Seeing as no one has produced evidence to the contrary, I am going to assume that the Peryton is an invention of Borges and edit accordingly. I would recommend against looking for the alleged manuscript source; I know the Book of Imaginary Beings pretty well, and it's an intentional mix of other people's legends and stuff he made up for the book. He likes playing with sourcing a lot; the vague reference is neither true nor a lie, but a literary effect. I'm gonna do a quick job; hope someone else will come by and either expand or delete. —Preceding unsigned comment added by 220.127.116.11 (talk) 15:30, 21 August 2010 (UTC)
"Perytons are the primary inspiration for the Hippogriff creatures from the fantasy Warcraft universe."
- I agree, and I'm removing the comment until someone can provide evidence that Warcraft hippogriffs are based on perytons, not mythological (or perhaps, D&D) hippogriffs. Applejuicefool 19:24, 1 November 2006 (UTC)
- I agree that WoW doesn't get the idea of hippogriffs from the peryton, but if you look closely at the model they use for "hippogryphs," they aren't entirely hippogriffs. They're dark-bluish, feathered quadrupeds with beaked and antlered heads, which fits Borges' description in some ways. See http://www.wowwiki.com/Image:Hippo.jpg and http://www.wowwiki.com/Hippogryph (contrary to wowwiki's claim, the back hooves are the uncloven perissodactyl hooves of a horse, not the cloven artiodactyl hooves of a deer). I think it's possible that the WoW hippogryph is intended amalgamate the peryton and the the classical hippogriff. I haven't paid much attention to the shadow, but I'll have to take a look now. :) Tarchon 06:06, 12 April 2007 (UTC)
From what I've seen of the current page, it's almost verbatim of this website, which seems to have invented its own mythology of the peryton independently of Borges. 18.104.22.168 (talk) 06:04, 5 March 2008 (UTC) Chris G.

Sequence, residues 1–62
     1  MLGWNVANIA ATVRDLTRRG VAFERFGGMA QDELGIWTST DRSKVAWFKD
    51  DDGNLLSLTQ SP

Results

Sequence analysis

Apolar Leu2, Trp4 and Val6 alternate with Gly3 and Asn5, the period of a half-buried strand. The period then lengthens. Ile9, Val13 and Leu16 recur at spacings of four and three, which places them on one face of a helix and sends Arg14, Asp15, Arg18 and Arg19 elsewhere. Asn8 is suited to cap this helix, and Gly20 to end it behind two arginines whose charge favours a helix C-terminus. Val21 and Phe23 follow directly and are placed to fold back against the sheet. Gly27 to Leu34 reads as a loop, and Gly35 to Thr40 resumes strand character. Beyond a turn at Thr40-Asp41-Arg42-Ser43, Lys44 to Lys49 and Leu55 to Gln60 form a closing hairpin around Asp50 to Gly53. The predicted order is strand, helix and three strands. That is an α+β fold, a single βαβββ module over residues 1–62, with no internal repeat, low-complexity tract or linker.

Not a legendary creature
Hello, I've completed the french article about peryton (sorry for my bad english), and it's not a legentary creature, Borge have "invented" it. See, in spanish, Rainer W. Klein, Monstruos Y Gigantes, Imaginador, 2004, 128 p. (ISBN 9789507684777), or in french : Michel Lafon, Borges, ou, La réécriture, Éditions du Seuil, coll. « Collection Poétique », 1990, 336 p. (ISBN 9782020123563). Borges loves the mirrors, labyrinths, and co. The medieval manuscript quoted in the book of imaginary beings don't exist ! Thx. --Tsaag Valren (talk) 08:39, 19 July 2010 (UTC)
- Perton is not a mythological or a legendary creature --Tsaag Valren (talk) 17:41, 29 November 2010 (UTC)
Presence in "La-Mulana"
A peryton appears as an enemy Japanese freeware game La-Mulana, one of several creatures that appear in the Book of Imaginary Beings. Should a mention of this be made in the pop culture section? 22.214.171.124 (talk) 00:58, 26 September 2011 (UTC)
I'd been seeing a lot of peryton monsters in the Dark Summoner mobile game, and I was curious, so I searched and found this page. The reason is that I was editing a page on the YGO Wikia. Said page is about a card based off the peryton.
As I just joined, I'm not sure if either of the examples are notable enough, though I'm much more certain about the "Yu-Gi-Oh!" example than the "Dark Summoner" one. Can someone help with this? BeyonderHermes (talk) 21:24, 8 March 2013 (UTC)
- I've added the Yu-Gi-Oh! example; haven't looked into the Dark Summoner one yet... FallingGravity (talk) 06:09, 10 March 2013 (UTC)
Peryton seems to be a term used in radio-astronomy ( see for example http://arxiv.org/pdf/1503.05245v2.pdf ) Could someone who knows about this include a few words of explanation? Redcliffe maven (talk) 15:23, 1 April 2015 (UTC)
- I came here for that, too (from Fast radio burst) and I don't think they're the same thing at all. It needs to be a separate article with a disambiguation page. Wabbott9 Tell me about it.... 22:02, 10 April 2015 (UTC)
- I'm guessing that the radio-astronomy anomaly was named for the Borgesian creature. By the way, why are there two "citation needed" tags on a sentence that is in effect nothing more than a citation?